Making Web Pages in Django

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In using django, after creating app and making migrations the next step is to make your application more interactive and user friendly by adding more features in form of pages.

In Django, making Web pages is made up of three steps:

  • Defining URLs
  • Writing views
  • Writing templates

This steps do not follow any order, you can chose to start with any of the steps.

The separation between the steps make it easy to think about each aspect of project and gives better understanding of web development. In larger projects, it also allow people focus on their strength.

In this article, I will going through all the steps.

Step 1

Writing a View

In Django after running the command python manage.py startapp "name of app" A views.py file gets generated automatically as part of the files in the application.

views1.PNG

The views.py file when it is generated comes with an imported render() function and this function renders response based on the information provided by the views. The view function works with the request and the request is imported after importing the HttpResponse as seen below

views2.PNG

The views then takes in information from the imported request, prepares it, generates the page and sends it to the browser.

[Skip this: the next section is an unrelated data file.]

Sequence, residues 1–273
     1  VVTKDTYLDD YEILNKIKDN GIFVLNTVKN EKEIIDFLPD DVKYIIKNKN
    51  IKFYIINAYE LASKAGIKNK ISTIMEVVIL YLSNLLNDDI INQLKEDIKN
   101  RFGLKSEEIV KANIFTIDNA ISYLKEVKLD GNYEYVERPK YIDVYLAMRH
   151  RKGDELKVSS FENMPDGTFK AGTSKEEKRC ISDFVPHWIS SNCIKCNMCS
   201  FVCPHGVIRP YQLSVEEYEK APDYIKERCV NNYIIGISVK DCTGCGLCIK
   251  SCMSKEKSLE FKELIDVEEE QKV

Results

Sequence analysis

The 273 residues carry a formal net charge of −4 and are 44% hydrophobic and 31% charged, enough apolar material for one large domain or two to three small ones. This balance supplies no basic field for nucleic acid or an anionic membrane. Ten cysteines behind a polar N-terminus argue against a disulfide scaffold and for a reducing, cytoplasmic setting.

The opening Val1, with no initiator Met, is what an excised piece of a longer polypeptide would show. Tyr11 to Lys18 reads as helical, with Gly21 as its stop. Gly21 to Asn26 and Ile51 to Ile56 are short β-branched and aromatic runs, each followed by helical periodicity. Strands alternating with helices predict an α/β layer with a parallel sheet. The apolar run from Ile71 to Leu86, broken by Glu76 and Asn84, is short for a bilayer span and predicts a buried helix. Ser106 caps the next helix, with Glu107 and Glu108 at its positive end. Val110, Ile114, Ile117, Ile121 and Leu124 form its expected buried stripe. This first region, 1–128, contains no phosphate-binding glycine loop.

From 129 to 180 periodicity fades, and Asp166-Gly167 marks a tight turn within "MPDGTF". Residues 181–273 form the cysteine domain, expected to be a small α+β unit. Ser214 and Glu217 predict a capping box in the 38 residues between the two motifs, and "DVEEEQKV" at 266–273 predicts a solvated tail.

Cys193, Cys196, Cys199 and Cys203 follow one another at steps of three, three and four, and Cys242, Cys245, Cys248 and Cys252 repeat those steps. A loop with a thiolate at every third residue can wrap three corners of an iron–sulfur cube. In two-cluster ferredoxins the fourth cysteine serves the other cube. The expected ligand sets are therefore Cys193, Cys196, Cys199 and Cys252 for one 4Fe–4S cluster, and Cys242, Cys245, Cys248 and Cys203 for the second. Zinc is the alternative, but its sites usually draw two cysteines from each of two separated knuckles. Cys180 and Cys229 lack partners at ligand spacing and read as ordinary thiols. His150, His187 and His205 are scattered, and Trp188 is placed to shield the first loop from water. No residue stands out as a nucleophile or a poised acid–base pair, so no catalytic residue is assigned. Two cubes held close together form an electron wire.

The render function in the views.py takes two arguments, the request and the template used to build the page.

Example in writing the views for a home page.

Steps:

Open the views.py file of the app Add the following to the file:

from django.shortcuts import render

def index(request):

"""The home page of appname"""
     return render(request, 'appname/index.html')

From the above, Django first looks for index(), it passes the request. Then returns the render(). If the index() have code, it gets processed and returns the render().

Step 2

Writing a Template

In Django, the templates allows any data provided in the views to be accessed, it defines how and what the page should look like.

To write a template, first make a folder called templates in the created app, then create a folder call it the appname inside the created templates folder.

templates1.PNG

Creating the templates in this way, gives the project a structure easier to understand by django especially in a big projects with different apps.

The files in the templates folder are written in HTML.

Example to create a template for our home page, open the index.html file and write the following:

<p> Home Page for my site </p>

<p> We provide the best services at affordable prices </p>

The first p tag opens a paragraph, and the second p tag closes a paragraph.

We have two paragraphs: the first acts as a title, and the second is a description of what the site does.

Step 3

Defining URLs

url2.PNG

Defining URLs has two steps:

  • Url Patterns
  • Mapping URLs

URL Patterns:

This defines the way the URLs are written, It tells Django which page to return when matching a browser request with a written site URL.